Jack Chapman’s Think Africa Press article “Are Kagame’s human rights abuses justified?” epitomises the blinkered approach of many commentators towards Rwanda. Its principal argument is based on a fallacy: that in some contexts, human rights and economic development are antagonistic or mutually exclusive.
The genocide in which more than half a million people were killed in just three months in 1994 undeniably makes Rwanda an exceptional case. The level of organisation of the massacres, the scale of the horror, the suffering and the devastation – all of these were exceptional.
What is not exceptional, however, is that Rwandans, like human beings in any other country, have fundamental rights and want to be able to enjoy them. These include the right to life – of which hundreds of thousands were robbed so brutally during the genocide – the right to freedom of expression, to liberty and security and a fair trial, and many other rights enshrined in Rwandan law and in international conventions.
Chapman’s argument deprives Rwandans of those rights. His article falls into the trap, skilfully set by the Rwandan government, of using the horror of the genocide to deflect criticism of the fact that Rwandan men and women are being denied their rights to voice their opinions, participate in the political life of their country, and go about their daily activities unhindered. Those who buy into this argument fail to see that a thriving, healthy society cannot be built on a foundation of fear – as illustrated in other repressive countries, not least in parts of North Africa and the Middle East currently experiencing dramatic upheaval.
Chapman’s article rightly sets out Rwanda’s achievements since the genocide, but jumps to some astonishing conclusions. “Human rights violations are a small price to pay for Rwanda’s remarkable progress,” it asserts. For some Rwandans, that “small price” has been their life or their liberty. Consider Jean-Léonard Rugambage, the young journalist gunned down outside his home in the capital Kigali last year; or Bernard Ntaganda, the opposition party leader arrested just weeks before the 2010 elections, who is now serving a prison sentence simply for opposing the government in his public statements; or Abbé Emile Nsengiyumva, the priest who has spent six months in detention awaiting trial after criticising state policies on housing and family planning in his Christmas sermon. Would they, or their families, consider that this was a “small price to pay” for their country’s “remarkable progress”?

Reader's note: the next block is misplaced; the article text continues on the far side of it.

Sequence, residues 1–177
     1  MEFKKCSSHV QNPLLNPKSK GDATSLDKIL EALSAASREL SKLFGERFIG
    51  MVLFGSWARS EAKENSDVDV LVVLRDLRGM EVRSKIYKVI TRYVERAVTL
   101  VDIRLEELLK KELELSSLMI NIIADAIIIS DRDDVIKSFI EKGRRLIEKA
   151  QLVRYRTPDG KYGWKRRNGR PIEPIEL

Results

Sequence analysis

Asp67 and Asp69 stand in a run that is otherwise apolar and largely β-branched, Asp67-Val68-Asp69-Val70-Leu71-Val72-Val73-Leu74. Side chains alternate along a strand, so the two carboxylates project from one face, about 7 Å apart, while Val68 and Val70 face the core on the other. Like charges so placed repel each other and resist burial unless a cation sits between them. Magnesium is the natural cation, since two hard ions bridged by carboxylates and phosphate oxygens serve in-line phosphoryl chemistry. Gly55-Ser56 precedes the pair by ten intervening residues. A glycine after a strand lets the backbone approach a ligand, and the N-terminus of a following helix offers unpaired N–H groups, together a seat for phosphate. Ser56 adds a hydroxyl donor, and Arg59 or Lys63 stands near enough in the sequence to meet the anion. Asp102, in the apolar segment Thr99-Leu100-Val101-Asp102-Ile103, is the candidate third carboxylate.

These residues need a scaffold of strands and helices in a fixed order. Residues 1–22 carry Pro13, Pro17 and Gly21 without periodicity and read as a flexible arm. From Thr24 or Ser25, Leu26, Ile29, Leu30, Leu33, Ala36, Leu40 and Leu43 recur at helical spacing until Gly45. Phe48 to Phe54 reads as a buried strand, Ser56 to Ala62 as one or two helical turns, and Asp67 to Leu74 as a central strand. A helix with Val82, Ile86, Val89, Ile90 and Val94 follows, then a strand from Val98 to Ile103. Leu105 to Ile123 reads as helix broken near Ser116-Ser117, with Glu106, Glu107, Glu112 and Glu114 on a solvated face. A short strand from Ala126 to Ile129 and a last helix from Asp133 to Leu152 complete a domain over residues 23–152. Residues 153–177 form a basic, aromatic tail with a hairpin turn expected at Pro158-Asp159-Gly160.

The assassination of Rugambage and the arrest of Ntaganda are just two of the flagrant incidents that took place in the run-up to the presidential elections. 2010 saw President Kagame re-elected with 93% of the vote. This election, like the previous one in 2003, was a contest only in name: Kagame’s three “rivals” all represented parties that had broadly supported the ruling Rwandan Patriotic Front (RPF). None of the three new opposition parties, which had openly criticised the government, was able to stand. Two were not even allowed toregister as parties. The vice-president of one, André Kagwa Rwisereka, wasmurdered less than a month before the elections; no one has been brought to justice for this crime. Several lower-ranking opposition party members were detained and beaten by the police.
The Rwandan media was also ruthlessly targeted. In April 2010, two popular independent newspapers, Umuseso and Umuvugizi – which often reported allegations of corruption and abuse – were suspended while their editors were charged with defamation. After receiving persistent threats, they fled the country for their safety. The fate of their colleague Rugambage, who stayed behind, sadly proved that they had made the right decision.